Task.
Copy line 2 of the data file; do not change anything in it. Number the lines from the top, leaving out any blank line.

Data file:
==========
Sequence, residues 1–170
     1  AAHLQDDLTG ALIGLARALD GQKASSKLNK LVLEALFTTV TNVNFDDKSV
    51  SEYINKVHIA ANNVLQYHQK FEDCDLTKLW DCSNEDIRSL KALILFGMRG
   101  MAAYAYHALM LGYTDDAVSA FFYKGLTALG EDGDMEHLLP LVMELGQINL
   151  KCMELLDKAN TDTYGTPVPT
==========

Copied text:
     1  AAHLQDDLTG ALIGLARALD GQKASSKLNK LVLEALFTTV TNVNFDDKSV